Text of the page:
As part of General Motors' MyLink in-dash telematics system (GM's answer to Ford's Sync), the Chevrolet division is incorporating Siri access into two 2014 models: Spark and Sonic vehicles.
Users with iPhones will be able to use Siri to execute a number of commands:
Siri's full capabilities won't be incorporated at this point however. Anything that requires a visual display of data won't be available so as not to create safety hazards while driving. Siri and the iPhone connect to the MyLink system via Bluetooth.
MyLink is designed to be broadly integrated with iPhone and Android devices. The console operates very much like a small tablet device embedded in the dash.
The MyLink "infotainment" console is already modeled on the smartphone apps metaphor. MyLink also has a built in virtual assistant, which will operate in those models that don't enable Siri access. It will also remain available to drivers in the Siri-enabled Spark and Sonic vehicles as well for a broader array of functions than what Siri will permit.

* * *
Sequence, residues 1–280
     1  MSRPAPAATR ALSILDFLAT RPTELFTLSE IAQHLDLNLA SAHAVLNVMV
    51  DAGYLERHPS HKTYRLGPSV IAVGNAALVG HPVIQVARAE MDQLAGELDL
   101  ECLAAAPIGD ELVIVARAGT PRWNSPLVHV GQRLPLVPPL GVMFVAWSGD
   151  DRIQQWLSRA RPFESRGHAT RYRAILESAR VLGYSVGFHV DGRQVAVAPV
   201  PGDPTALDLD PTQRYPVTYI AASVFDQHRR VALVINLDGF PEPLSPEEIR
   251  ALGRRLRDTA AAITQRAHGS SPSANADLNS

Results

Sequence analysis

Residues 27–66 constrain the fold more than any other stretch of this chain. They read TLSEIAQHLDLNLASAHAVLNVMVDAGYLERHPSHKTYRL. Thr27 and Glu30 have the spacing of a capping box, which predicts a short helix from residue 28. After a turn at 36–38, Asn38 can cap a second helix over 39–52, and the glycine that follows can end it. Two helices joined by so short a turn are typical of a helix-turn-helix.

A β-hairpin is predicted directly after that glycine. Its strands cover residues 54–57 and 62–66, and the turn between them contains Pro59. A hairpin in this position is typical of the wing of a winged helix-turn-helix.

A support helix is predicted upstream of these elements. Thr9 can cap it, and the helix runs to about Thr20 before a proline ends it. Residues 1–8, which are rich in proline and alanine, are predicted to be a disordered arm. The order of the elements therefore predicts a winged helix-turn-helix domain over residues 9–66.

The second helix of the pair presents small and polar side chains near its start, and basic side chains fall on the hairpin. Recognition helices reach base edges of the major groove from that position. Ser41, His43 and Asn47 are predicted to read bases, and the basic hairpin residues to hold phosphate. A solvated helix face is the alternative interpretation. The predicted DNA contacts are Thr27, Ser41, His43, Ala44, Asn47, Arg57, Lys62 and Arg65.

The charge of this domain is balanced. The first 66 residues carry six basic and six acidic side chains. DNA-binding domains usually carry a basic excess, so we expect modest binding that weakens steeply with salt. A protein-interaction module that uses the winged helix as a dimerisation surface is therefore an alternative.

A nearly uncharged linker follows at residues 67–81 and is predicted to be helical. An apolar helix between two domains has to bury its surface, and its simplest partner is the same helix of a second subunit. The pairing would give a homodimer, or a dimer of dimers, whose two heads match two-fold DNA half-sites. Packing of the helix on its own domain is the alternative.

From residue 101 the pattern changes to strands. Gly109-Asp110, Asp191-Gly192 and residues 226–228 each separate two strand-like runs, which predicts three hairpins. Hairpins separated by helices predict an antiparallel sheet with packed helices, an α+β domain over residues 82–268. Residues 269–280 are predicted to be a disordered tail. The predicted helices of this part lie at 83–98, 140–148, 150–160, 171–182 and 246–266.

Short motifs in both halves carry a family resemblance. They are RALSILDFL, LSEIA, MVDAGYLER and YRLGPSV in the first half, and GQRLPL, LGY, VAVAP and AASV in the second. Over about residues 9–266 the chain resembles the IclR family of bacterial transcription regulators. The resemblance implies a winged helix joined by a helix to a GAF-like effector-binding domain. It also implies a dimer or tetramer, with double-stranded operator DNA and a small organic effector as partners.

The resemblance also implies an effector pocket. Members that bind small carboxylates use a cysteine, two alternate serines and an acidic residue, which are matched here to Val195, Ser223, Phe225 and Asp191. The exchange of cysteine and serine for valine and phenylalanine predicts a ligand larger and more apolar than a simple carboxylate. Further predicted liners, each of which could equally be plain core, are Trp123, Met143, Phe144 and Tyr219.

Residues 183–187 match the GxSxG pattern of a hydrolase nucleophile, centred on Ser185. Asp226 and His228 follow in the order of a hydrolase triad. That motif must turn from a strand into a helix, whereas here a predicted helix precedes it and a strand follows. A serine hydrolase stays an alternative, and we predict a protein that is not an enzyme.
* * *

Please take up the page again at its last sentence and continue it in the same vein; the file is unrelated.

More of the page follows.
What's perhaps more interesting than the integration of Siri is the adoption of the concept of the virtual assistant more broadly. My colleague Dan Miller is about to publish a report on "PVAs" (personal virtual assistants) and their impact on a range of use cases including enterprise customer care. Built on decades of speech processing research and technology development, as well as advances in "AI," virtual assistants are changing the way we "search" and interact with devices and technology.
The following video demonstrates MyLink's features.